Thursday, December 30, 2010

When Lady Luck Turns Her Back On You

Well, at long last I'm on the brink of clinical rotations, my first being scheduled to begin next week. Four weeks of osteopathic manipulative medicine in private practice followed by four more of community medicine at a different location, and so it goes, one after the other. I will most certainly graduate on time, in the sense that I'll walk across the stage with my graduating class, knowing members of my entering class will be in the audience. They've had to wait a long time for me to join them and that moment will represent a triumph for us all.

However, since I'm beginning rotations later in the academic year, this means I'll have to complete a few after graduation. As a result, while I'll go through the ceremony, actually completing medical school will have to wait a bit. It happens; I'm not the first nor will I be the last. For some students, the art of medical school begins at the point where their education departs from the well-beaten path. Incidentally, this is also the point at which medical school becomes, or at least ought to become, a character-building experience. Whether it does so or not depends on the person, as does most everything in life. There's nothing automatic and there are no guarantees.

One thing happens or another and the first thing you know, your scheduled graduation is postponed by a year and what your fellows will accomplish in four, you'll do in five. Then you try to run the blockade of board exams and another year gets tacked on for good measure. Finally you find a way through that smokescreen and begin rotations. That's where I am now.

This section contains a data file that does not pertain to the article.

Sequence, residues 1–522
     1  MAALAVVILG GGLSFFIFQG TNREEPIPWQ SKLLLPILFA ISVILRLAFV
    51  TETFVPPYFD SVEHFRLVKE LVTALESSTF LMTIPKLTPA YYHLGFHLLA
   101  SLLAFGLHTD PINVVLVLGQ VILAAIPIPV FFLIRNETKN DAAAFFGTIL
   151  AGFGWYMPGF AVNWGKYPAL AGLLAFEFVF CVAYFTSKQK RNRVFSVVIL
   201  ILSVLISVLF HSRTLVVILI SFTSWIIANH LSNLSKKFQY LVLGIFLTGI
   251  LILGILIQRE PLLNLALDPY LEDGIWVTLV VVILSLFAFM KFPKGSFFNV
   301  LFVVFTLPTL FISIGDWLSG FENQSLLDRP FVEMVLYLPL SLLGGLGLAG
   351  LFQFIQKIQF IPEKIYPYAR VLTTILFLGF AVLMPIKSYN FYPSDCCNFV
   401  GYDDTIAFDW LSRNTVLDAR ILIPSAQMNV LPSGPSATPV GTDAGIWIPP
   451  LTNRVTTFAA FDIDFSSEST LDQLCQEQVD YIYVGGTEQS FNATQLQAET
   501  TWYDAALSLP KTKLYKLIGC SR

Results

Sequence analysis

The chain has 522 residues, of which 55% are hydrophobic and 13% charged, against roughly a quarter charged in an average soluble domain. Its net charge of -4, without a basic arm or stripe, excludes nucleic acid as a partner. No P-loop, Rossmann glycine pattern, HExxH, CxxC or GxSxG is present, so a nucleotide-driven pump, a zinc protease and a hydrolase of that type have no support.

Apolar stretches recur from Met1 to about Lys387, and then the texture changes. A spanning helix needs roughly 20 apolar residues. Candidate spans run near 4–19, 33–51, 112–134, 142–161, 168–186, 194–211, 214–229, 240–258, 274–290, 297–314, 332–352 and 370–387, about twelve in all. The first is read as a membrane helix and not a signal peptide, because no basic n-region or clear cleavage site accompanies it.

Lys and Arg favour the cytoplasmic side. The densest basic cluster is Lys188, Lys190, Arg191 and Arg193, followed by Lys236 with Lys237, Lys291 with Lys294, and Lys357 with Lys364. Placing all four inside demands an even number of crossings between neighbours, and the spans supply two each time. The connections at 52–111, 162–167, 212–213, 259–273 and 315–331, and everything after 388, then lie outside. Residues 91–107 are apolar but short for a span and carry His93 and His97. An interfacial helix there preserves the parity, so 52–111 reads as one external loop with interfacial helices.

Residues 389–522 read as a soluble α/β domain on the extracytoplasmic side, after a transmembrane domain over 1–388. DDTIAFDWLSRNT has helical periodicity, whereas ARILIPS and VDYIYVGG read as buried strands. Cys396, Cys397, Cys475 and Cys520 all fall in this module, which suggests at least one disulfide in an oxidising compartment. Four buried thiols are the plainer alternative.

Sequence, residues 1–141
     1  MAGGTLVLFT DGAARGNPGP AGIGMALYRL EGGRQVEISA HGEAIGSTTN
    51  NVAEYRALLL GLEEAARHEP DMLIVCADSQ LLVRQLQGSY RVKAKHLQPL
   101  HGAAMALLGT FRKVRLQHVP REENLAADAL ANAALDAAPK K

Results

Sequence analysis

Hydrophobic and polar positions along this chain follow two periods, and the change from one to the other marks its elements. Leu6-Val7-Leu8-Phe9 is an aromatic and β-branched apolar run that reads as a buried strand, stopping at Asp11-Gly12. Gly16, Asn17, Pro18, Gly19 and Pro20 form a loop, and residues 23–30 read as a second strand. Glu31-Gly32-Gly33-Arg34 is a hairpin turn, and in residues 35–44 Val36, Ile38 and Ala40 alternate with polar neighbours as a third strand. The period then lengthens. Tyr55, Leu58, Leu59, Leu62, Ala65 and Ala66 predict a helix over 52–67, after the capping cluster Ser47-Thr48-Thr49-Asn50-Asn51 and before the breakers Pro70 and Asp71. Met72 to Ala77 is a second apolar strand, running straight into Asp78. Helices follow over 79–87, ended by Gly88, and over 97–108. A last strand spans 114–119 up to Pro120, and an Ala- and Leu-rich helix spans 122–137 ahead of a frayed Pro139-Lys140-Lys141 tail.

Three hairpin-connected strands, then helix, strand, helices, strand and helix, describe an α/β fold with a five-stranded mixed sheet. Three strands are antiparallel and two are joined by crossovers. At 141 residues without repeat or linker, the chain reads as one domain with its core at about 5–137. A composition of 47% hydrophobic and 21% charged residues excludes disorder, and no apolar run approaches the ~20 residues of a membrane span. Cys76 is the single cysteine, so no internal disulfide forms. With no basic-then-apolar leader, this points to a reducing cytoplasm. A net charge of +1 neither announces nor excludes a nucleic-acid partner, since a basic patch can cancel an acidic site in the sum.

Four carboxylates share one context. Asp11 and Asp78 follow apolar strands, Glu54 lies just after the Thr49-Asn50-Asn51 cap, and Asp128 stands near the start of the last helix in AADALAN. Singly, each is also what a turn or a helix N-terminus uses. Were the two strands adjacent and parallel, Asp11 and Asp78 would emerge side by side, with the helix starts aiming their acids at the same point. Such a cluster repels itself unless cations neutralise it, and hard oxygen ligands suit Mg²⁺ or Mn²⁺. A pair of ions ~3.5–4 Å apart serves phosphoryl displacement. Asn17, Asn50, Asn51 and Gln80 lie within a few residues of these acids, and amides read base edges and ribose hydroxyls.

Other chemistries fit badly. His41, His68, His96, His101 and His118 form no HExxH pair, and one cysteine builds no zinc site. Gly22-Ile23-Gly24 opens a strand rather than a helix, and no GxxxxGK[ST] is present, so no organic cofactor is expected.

The extent to which you can call any of this "character building" seems like a joke when it's coming down on top of you. Your only goal is to survive. If you can manage it with a modicum of self-esteem intact, you've come a long way, baby. You tell yourself every hurdle overcome is one closer to getting you where you wanted to be in the first place. And that's not a lie. Even better, it gradually dawns on you that every one has the potential to bring you closer to others when their path diverges in the wood and circumstances decide which fork they're going to take, whether they like it or not.

If there's anything I've gotten from my own experience it's the opportunity to be grateful for those connections. As you may have guessed or long suspected, I'm not one of those who prefers the company of persons who have no idea what it's like to bang your head against a wall to that of those who do. I like people who've faced their demons and have the scars to prove it. They have a depth which makes me feel strengthened and enlivened from being in their presence. There's a lot of experiences I've felt I could have done without, but in the long run, the fact that they've created friendships with people like I've just described, makes me realize there are worse things than having Lady Luck turn her back on you.

(Creative Commons image entitled "Lady Luck" by Emily Raw via Flickr)
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